Trentino Metodo Brut Wines – Balter

Posted by on March 27, 2013 in The Wine-Diva Blog | 0 comments

2013-03-15 10.17.52

While I was up in the beautiful Trentino-Alto Adige region I had the opportunity to visit the Balter Winery located just outside of Rovereto in a small medieval castle 350 meters above sea level. Spectacular scenery from the vineyard with snow-capped Dolomiti in every direction, quite breathtaking to say the least.

Now I’m quite the lover of all things bubbly, especially when it comes in the form of wine. I was enthusiastically VERY interested in trying these wines!


Nicola Balter was in the middle of working when we arrived but soon was showing us around the winemaking facility and he even let us tour his charming 16th century tower/castle with crenulations, caves and all!

Balter makes a wine I particularly enjoy, a Trentino DOC Metodo Classico Brut.  Made with 100% Chardonnay, the grapes are harvested in September and 15% go into barrique (barrels), the rest in stainless steel, and both are left to do their fermentation and stay with just the natural yeast.  8 months later they add sugar and yeast in three large containers and immediately bottle with just a simple beer cap.  The wine is then allowed to “work and evolve” for 36 months, where it eventually reaches a atmosphere of 6 of CO2 in the bottle.  It is quite common to see a blown out bottle amongst all the other “resting/working” bottles when the pressure has become too much in a bottle that has defects.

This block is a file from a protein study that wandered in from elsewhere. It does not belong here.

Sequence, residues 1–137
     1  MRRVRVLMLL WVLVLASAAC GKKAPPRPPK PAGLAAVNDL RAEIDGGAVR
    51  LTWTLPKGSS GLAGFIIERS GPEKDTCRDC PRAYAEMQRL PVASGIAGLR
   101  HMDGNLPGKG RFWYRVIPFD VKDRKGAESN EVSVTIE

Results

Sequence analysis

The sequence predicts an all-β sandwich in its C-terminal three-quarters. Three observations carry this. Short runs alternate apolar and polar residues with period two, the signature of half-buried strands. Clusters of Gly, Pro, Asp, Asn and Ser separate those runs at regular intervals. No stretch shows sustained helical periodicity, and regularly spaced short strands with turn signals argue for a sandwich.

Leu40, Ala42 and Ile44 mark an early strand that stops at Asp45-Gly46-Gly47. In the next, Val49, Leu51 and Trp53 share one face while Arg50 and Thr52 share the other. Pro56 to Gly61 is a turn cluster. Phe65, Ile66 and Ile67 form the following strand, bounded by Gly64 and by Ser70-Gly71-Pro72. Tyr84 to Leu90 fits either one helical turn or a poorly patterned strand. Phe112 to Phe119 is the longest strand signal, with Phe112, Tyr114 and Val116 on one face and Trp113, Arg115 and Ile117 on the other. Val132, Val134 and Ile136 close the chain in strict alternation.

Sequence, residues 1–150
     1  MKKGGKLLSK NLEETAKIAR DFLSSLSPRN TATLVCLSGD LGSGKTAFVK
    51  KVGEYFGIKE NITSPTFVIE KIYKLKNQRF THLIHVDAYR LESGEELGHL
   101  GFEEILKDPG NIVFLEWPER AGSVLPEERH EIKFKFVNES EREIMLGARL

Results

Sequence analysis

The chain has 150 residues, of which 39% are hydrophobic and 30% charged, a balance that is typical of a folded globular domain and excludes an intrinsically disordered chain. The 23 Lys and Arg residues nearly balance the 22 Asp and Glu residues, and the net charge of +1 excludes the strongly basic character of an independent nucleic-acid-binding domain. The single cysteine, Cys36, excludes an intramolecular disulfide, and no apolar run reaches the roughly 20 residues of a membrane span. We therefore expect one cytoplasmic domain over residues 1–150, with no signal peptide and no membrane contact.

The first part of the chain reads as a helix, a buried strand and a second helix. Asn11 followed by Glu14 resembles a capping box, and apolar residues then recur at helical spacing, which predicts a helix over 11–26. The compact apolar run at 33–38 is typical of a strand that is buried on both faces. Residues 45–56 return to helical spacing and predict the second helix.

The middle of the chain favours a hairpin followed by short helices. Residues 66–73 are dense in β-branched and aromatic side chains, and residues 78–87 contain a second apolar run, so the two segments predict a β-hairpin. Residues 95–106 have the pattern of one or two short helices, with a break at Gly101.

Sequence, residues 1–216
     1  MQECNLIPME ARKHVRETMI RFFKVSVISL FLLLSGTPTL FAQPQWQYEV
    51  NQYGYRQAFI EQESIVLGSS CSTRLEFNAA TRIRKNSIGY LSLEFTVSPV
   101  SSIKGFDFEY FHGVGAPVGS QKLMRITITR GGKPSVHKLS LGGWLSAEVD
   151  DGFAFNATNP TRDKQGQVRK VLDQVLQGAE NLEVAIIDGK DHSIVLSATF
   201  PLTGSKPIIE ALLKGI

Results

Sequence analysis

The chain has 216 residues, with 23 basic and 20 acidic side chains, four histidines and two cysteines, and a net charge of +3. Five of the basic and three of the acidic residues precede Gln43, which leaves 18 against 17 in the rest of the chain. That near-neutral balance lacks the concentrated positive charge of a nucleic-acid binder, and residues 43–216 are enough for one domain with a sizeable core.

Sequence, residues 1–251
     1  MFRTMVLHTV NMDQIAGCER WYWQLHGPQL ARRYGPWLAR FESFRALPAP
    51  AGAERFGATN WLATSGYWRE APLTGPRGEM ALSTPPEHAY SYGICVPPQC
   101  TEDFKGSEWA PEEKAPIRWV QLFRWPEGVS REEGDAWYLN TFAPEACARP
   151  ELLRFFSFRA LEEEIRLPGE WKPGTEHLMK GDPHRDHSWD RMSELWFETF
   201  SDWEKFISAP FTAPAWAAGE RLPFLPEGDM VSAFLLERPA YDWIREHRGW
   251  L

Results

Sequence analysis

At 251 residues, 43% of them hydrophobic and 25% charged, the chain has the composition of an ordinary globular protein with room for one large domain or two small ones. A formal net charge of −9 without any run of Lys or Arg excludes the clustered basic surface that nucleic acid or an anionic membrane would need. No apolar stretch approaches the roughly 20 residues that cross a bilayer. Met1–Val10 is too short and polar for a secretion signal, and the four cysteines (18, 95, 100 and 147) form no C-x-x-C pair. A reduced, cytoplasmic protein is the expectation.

After 36 months the bottles are then put into the riddling rack, which is called rastrelliera in Italian.  At first the bottles are inserted only a little, then a little farther so that every 2 days the bottles are turned 1/4 turn and inserted and angled farther down for a total of 20 days. This allows the lees and sediment to slowly and fully move to the neck of the bottle.  Then the upper part of the neck of the bottle is frozen at 30 degrees below zero in order to remove plug, just the pressure alone inside the bottle is able to push it out. The bottles were overfilled when it was originally bottled in order to not have to refill the bottle after the cap is taken out.  When the plug is removed and a normal champagne cap is finally put on the bottle the process is called Sbocatura.


Just before the champagne cap is added it is decided whether or not the wine will be sweet or dry and depending on what they choose, a little sugar or more is added to the bottle as well sulfites  Something I didn’t realize is that they add the sugar to avoid it being too bitter, even if it will be a brut!

Another thing I learned from Nicola, is that the Metodo Brut wines should be consumed within the 3 years after the Sbocatura (taking out of the plug and capping). After 3 years the wine starts to decline.

Not only does Balter have a Brut and a Brut Riserva (the Brut Riserva ages on lees for 72 months!) but they also have a Brut Rosé made from 100% Pinto Nero which I fell in love with and HIGHLY recommend.  Do yourself a favor and get some, just leave a few cases for me!

Nicola has won numerous well deserved awards for his wines and I was really impressed with his well maintained vineyards and winery production.  Grazie e complimenti Nicola!!!

2013-03-15 11.26.44